Police ‘screw up’ leads to accidental DNA evidence destruction in 48 Colorado cases
As a result of what Aurora, Colo., Police Chief Dan Oates has called a “screw up,” the Aurora Police Department accidentally destroyed DNA evidence in 48 sexual assault cases, including in one in which the evidence had identified a suspect whose arrest had been imminent.
Absent the evidence, the case has been dropped. Oates and prosecutors met with the victim, explained why her case couldn’t go forward and apologized.
Officials are continuing to investigate whether the destruction impacts other cases, but a legal analyst for Denver’s Fox31 said the news could lead to turmoil in the judicial system.
“The prosecution needs this evidence if they’re going to convict people that have done something wrong,” attorney Dan Recht told the station. “And they need this evidence so that wrongfully accused people don’t get convicted.”
Oates said the accidental destruction occurred because of a “system breakdown,” and that the evidence was related cases from 2009.
He said he has halted all further DNA destruction pending the outcome of an internal investigation.
“Obviously, this is not a good day for the department,” Oates said during a news conference Tuesday.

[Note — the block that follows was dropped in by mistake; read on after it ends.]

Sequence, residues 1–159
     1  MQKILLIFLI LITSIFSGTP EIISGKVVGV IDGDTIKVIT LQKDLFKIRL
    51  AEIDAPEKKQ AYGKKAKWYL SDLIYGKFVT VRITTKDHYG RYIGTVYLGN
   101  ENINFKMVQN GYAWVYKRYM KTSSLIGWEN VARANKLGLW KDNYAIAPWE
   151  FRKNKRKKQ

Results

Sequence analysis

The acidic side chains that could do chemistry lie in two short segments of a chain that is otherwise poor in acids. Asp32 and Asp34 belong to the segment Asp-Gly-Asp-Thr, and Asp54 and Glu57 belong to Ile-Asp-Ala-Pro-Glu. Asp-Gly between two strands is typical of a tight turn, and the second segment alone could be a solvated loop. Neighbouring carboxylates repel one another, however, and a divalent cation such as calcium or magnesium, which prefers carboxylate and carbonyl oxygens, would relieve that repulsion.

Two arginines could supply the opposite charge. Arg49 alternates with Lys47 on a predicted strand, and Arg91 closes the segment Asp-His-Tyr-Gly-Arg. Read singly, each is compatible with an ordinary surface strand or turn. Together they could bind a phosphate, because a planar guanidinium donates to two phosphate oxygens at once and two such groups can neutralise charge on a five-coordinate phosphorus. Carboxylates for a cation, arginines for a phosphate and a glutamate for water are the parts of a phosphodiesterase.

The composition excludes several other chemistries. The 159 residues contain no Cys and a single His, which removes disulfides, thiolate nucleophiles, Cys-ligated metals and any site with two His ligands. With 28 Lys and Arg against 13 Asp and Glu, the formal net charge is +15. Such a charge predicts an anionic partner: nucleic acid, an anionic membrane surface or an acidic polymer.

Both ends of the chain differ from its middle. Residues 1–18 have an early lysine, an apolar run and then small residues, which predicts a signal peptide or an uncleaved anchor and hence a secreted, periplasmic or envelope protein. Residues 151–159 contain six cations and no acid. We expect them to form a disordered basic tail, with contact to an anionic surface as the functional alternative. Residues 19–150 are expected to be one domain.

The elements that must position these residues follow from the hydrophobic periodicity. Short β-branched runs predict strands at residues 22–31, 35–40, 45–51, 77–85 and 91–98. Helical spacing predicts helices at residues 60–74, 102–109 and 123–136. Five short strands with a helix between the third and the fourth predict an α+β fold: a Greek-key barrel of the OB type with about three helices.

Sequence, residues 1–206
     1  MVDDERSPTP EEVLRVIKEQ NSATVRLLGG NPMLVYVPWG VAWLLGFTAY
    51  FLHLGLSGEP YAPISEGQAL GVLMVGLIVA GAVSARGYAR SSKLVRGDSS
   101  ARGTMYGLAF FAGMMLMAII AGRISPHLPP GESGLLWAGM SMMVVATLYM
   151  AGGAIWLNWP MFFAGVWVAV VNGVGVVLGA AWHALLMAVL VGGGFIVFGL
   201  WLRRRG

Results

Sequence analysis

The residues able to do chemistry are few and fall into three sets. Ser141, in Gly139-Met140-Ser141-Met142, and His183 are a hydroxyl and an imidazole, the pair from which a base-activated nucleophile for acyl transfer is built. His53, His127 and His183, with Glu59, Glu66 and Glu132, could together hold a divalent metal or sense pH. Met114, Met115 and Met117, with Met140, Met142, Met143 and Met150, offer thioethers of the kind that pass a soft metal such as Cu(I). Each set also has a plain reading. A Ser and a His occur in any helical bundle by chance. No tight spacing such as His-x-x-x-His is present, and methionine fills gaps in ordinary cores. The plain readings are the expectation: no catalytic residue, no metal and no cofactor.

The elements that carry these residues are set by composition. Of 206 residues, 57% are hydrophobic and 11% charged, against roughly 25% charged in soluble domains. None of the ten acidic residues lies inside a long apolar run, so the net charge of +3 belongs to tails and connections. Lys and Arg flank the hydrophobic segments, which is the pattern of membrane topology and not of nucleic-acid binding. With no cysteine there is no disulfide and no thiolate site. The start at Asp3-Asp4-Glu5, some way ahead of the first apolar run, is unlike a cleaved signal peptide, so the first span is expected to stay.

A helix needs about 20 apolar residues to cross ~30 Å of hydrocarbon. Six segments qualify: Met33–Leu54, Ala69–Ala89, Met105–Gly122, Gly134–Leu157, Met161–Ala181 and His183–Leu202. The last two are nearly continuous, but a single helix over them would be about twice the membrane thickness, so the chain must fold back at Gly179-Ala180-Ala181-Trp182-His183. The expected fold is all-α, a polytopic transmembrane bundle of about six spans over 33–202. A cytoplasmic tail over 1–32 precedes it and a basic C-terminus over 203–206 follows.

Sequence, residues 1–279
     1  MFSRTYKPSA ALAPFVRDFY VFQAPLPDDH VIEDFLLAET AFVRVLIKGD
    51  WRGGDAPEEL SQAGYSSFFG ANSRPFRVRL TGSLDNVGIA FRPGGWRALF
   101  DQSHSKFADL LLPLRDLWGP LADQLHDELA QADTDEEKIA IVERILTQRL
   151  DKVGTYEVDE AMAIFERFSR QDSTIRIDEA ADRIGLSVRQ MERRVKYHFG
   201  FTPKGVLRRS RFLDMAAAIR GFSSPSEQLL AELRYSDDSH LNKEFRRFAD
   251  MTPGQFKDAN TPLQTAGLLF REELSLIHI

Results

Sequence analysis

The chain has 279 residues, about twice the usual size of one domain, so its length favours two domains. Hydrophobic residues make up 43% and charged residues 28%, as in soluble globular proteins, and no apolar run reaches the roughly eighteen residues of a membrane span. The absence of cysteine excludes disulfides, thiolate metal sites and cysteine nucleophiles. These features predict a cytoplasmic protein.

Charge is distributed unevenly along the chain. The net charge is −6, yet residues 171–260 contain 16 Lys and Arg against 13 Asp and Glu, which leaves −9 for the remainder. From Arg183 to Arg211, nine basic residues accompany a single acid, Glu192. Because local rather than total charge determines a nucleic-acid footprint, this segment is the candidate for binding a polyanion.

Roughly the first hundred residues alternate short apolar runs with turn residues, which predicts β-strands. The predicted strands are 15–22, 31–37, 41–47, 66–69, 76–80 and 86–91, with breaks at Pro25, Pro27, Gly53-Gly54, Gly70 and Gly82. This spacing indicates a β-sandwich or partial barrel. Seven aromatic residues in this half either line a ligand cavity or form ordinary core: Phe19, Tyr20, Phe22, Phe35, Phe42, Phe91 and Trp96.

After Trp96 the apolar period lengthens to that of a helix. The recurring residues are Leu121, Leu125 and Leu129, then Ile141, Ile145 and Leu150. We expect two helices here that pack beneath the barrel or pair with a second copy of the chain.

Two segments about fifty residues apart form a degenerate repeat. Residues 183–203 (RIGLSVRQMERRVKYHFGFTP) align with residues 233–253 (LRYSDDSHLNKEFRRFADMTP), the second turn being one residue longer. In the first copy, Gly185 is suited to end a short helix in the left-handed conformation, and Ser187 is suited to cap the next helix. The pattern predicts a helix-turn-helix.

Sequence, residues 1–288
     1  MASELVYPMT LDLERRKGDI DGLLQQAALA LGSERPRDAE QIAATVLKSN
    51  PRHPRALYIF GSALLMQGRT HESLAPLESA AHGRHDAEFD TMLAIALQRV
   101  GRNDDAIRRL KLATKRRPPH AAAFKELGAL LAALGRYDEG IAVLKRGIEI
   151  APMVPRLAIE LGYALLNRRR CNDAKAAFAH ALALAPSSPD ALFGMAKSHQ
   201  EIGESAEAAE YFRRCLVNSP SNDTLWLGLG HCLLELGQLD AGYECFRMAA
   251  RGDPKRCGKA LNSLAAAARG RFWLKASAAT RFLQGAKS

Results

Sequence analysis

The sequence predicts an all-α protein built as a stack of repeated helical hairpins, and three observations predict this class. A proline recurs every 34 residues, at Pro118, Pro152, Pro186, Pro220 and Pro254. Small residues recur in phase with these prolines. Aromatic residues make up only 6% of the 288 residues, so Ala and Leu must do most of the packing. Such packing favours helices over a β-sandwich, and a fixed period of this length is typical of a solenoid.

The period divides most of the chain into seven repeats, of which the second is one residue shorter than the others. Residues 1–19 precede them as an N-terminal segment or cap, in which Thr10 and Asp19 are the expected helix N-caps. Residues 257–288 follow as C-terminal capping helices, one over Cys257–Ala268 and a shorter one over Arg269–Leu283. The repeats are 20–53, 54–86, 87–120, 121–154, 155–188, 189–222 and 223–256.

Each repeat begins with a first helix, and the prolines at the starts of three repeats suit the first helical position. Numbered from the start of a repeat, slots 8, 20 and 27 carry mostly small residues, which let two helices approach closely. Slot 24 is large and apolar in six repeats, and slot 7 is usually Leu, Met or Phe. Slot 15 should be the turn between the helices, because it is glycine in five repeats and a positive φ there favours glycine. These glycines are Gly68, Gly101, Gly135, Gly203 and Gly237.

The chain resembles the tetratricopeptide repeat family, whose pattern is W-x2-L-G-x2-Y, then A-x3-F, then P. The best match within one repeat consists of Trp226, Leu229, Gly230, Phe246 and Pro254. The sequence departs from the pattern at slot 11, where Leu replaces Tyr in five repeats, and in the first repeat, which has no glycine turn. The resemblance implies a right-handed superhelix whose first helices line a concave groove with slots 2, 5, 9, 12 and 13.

In 18 of the cases, the lead investigator had apparently recommended the evidence be destroyed, but a required review of the recommendation didn’t happen as required, according to an Aurora Police Department press release.
In the other 30 cases, an officer assigned to light duty destroyed evidence in error after not following department procedures.
Oates said a panel of experts — including members of the district attorney’s and attorney general’s offices — will review the situation and make recommendations to prevent future mishaps.
The Aurora Police Department is at the center of two of Colorado’s most talked about cases, the Aurora theater shooting which took place nearly a year ago and the 1993 Chuck E. Cheese’s murder case, in which convicted killer Nathan Dunlap was recently granted an indefinite stay of execution by Gov. John Hickenlooper.
The evidence in those cases was not affected.
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